From the creative minds of director Dave McKean and screenwriter Neil Gaiman comes "Mirrormask," a partially live-action, partially computer-generated fantasy that goes to show how a $4-million film can be made to look like a $100-million extravaganza. Produced by the Jim Henson Company, and with unmistakable similarities between this, 1982's "The Dark Crystal," and 1986's classic "Labyrinth," "Mirrormask" also strongly recalls the likes of 1939's "The Wizard of Oz," 1984's "The Never-Ending Story," 1988's overlooked "Paperhouse," and Miyazaki's oeuvre, particularly 2002's "Spirited Away
." All of these pictures bring to life exciting new worlds never before glimpsed on film, and "Mirrormask" is no exceptionexcept for the "life" part. For all of its visionary achievements, this is one strangely indifferent filmgoing experience, with striking individual images never adding up to anything worth grabbing hold of or caring about. It's 101 minutes of the filmmakers' hard work put to no good useall flash and no dimension.
Helena (Stephanie Leonidas) is a mopey 15-year-old girl, the daughter of a pair of circus performers, who wants nothing more to do with her family's oddball career. Wishing her mother, Joanne (Gina McKee), dead during a heat-of-the-moment argument, Helena's statement threatens to come true when Joanne suddenly falls ill and is rushed to the hospital. With her beloved mother's life hanging in the balance and riddled with the guilt of maybe never being able to apologize for the nasty words she said, Helena enters a foreboding abstract fantasy land. She doesn't know for sure if this is really happening or if she's dreaming, but, with the help of masked guide Valentine (Jason Barry), Helena presses forward to the nightmarish Dark World where she hopes to find the key to saving her mother: a sacred mirrormask. Along the way, Helena must thwart the Queen of Dark (McKee in a dual role) and find a way to stop a bad version of herself whom she can see taking over her real-world life through the mirror's reflections.
Aesthetically impressive but desperately in need of a humanity that isn't just skin-deep, "Mirrormask" is akin to a sweaty fever dream, one where an onslaught of weird visions are thrown your way, with few (if any) sticking or making much sense. Narratively speaking, the film is as dreary as the Dark World itself, posing an uncomfortably take-it-or-leave-it disconnect between the images onscreen and the viewer. Only one fabulously creepy sequence within the fantasy world stirs up a strong emotion either way, as Helena is surrounded by Jack-in-the-box-style robotic creatures who hypnotize her with their haunting version of Burt Bacharach's "Close to You." It's a self-contained moment of assuredness that enmeshes both emotion and eye candy, rather than keeping the two separate from one another as happens for most of the movie.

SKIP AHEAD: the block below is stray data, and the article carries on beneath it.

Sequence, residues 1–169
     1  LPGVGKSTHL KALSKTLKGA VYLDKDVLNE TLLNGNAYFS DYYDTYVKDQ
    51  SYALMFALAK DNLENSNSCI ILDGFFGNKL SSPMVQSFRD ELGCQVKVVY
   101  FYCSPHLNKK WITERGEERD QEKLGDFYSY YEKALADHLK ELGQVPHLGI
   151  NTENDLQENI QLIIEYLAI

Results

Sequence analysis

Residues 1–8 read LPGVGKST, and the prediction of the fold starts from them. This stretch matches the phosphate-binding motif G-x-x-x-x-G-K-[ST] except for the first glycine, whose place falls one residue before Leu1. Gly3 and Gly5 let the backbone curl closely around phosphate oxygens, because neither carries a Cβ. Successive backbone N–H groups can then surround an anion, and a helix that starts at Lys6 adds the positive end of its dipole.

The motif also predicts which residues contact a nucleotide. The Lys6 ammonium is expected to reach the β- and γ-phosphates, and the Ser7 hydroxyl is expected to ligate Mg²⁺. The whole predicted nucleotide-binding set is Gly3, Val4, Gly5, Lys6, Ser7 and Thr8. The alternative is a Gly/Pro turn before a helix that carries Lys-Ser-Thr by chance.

It is telling that the only scenes of full audience interest are the live-action bookends. The first fifteen minutes are heartbreaking and vivid in a way director Dave McKean never manages to match again, as the sullen teenage world of Helena is opened up and crashes down with the abrupt ailment of her mother. Played straight and as real drama, the pre-fantasy first act is an enrapturing jumping-off point that doesn't keep up its end of the bargain. The second that Helena awakens to the worlds of Light and Dark, populated by odd, often horrific people and creatures, the film loses its emotional pull and becomes a murkily uninvolving slog through half-baked ideas and style over substance. A return to the real world in the last five minutes resuscitates the proceedings once more, but makes for a lackluster payoff in which the whole point of the fableHelena getting to talk to her mother once more and make amendsis washed over and forgotten about.
"Mirrormask" offers hints of attempted profunditytouching on everything from taking loved ones for granted to confronting the horrors of puberty and finally growing upbut they dissipate the moment computers take over. As heroine Helena, newcomer Stephanie Leonidas is an exquisitely likable find this side of Jennifer Connelly in "Labyrinth," handling the moments where she reacts to her own guilt with the skill and poignant naturalism of a veteran. She also does well in the provocative story thread in which a bad version of Helena is now taking over her world and gradually turning it to a dark place of desolation. All else, though, is internally cold, unfocused, and disappointingly flippant. Regrettably, "Mirrormask" is a study in communicative detachment; it has the look down pat, but what is underneath holds the expressiveness and passion of a store window mannequin.